Our encoder has been running for about 3 weeks continously now and I have been very pleased with it. The servers (26) that distribute the streams have also been running very well and so far have only fallen over if one of our networking team restarts them without telling me and I then find that although the services are running, the actual stream is not.

For us, Windows Media has proved cost effect and so far reliable method of doing online video (both live and on-demand). One trick it has which I didn't mention it earlier is that it is really easy to prevent copying the stream so people can't download it to their hard drives. For our stuff, security isn't the issue, the problem is users filling their hard drives with video! I know it is all big brother controlling users, but we see it as problem prevention!

PS

[This message has been edited by ps (edited 10 June 2002).]

plod2001
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Joined: Jun 21 2001

Any info on which settings (resolution, data & frame rate) are the best for stremaing please?

Thanks

WaveyDavey
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Joined: Nov 16 1999

I've tried QT, but found the resultant filesizes were so large, even for a short 15 second film, that the space on the server would all be used up in no time.

I've tried cleaner, but the results after encoding were absolutely unwatchable, though the filesize was very small.

Presently, I use Microsoft asf format as I get about 1.5MB per minute of footage, at reasonable quality.

I'd like to know a way to do it, keeping the filesize low, whilst maintaining high-quality visuals/audio that can be downloaded quickly (I want to put wedding demo's on my webpage ultimately, but the filesize for a 30 minute clip needs to be very manageable).

Any ideas particularly welcomed.

I have an RT2000 system running Premiere 6.1

Wavey.

ps
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Joined: Feb 28 2001

Wavey

30 mins of footage? Blimey! You may find that will be huge. Could I suggest, if you are using ASF files, load them into the Microsoft asf indexer and put links at the end from one to the next, for example have 5 x 6 min movies rather than 1 x 30 minute.

As for settings, have a look at the showreel settings post - it gives different settings options. There isn't really a difinitive, use this setting as you need to modify your settings dependant on the contents of your footage (doing your video in bits will make this easier), but the above post gives good guidelines from which to start

PS

mzmovieman
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Joined: May 26 2002

I have found that for 56k modem 192 x 144 at 12 fps and mono sound produces files that whatever their size pseudo stream after less than a minute.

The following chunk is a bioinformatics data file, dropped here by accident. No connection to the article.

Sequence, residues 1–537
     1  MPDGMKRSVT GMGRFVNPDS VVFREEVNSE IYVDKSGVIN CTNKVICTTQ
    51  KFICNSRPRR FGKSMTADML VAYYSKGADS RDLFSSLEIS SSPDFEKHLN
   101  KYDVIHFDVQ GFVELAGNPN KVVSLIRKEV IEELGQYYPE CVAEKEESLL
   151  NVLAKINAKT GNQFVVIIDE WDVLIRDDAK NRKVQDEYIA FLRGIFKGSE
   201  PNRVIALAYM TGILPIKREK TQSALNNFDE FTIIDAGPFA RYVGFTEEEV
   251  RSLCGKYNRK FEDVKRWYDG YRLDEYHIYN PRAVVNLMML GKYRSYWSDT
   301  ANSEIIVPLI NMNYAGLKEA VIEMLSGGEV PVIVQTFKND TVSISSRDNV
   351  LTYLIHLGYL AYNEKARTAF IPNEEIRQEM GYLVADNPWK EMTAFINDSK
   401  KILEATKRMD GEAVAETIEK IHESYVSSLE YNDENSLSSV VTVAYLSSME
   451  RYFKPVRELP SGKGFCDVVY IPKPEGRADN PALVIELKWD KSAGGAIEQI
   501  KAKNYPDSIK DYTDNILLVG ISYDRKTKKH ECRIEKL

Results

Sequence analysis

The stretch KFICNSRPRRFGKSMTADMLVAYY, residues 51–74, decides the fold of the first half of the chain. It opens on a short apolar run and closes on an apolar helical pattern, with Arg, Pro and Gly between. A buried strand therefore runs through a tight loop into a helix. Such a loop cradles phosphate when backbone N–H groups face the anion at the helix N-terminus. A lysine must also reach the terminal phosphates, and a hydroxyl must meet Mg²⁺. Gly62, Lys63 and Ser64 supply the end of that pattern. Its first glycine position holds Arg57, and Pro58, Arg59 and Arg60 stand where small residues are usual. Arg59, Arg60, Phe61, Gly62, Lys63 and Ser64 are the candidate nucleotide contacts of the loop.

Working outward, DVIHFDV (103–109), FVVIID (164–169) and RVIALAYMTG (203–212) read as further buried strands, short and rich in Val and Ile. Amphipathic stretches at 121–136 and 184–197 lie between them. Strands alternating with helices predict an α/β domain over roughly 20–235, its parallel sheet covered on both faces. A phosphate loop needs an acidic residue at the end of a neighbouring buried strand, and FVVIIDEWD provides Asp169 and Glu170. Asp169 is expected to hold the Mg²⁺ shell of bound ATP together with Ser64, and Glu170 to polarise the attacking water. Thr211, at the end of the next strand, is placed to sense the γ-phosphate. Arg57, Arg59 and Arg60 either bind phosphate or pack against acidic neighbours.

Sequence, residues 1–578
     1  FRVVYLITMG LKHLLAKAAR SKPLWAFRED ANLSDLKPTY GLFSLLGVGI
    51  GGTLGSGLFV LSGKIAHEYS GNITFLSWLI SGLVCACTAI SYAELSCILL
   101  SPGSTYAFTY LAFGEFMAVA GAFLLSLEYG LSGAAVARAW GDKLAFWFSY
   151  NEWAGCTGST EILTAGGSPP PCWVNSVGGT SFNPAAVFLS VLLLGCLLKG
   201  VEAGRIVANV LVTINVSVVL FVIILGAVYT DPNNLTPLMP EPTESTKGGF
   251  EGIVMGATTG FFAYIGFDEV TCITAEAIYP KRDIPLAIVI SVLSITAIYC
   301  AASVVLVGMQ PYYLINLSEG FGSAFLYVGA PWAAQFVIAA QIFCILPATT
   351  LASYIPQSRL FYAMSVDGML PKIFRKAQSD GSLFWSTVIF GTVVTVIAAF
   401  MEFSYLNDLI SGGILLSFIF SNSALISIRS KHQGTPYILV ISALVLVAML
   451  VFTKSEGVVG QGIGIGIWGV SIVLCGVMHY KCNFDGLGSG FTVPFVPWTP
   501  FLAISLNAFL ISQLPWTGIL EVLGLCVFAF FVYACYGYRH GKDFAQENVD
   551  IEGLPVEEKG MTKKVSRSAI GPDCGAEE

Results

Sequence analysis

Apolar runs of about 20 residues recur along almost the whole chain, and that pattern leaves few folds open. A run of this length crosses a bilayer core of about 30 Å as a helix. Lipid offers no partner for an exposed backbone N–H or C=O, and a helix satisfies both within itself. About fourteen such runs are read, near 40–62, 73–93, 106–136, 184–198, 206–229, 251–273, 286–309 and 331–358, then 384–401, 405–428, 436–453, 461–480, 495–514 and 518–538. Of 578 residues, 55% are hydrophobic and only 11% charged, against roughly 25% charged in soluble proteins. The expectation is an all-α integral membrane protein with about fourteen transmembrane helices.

Naturally the quality might not be what you want. However, if the potential customer is going to wait forever, then they won't. So keep the movement down and this is the best compromise.

The MS programme Windows Media Encoder downloadable from MS can be adjusted by the user, so experimenting is worth while.

My amateur efforts can be seen at http://www.siltec.co.uk

------------------
Home movies on the net - see them here
http://www.siltec.co.uk
be amazed, wonders beyond belief, see it all!!!!

Home movies on the net - see them here
http://www.siltec.co.uk
be amazed, wonders beyond belief, see it all!!!!

drjonp
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Joined: Sep 27 2001

I've found Quicktime gives a very good quality-to-file-size ratio. Initially I used the Sorenson 3 video codec, but now with Quicktime 6, the MPEG 4 codec gives superb results. The only downside is that people have to install the Quicktime player - this isn't a problem for me. Examples at www.yorkshiregrit.com.

Shakey
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Joined: Jan 25 2001

quote:Originally posted by ps:
I believe the Beeb et other companies go for Real because it was kinda the first to do decent web video, and they have invested now in it's hardware so it is worth continuing.

There are two reasons why the BBC use Real media. To quote:
When the BBC began publishing audio and video content Real Media was the most secure form of streaming. Unfortunately Microsoft no longer supports Real content. Consequently, many of the later versions of the Windows Media Player will not play our clips. This may change in the future.

And:
At the moment, the BBC doesn't provide files in Windows Media format because the BBC's servers are UNIX and, it seems, the MediaPlayer streamer software isn't available for that operating system.

Hope this helps

Cheers

Martin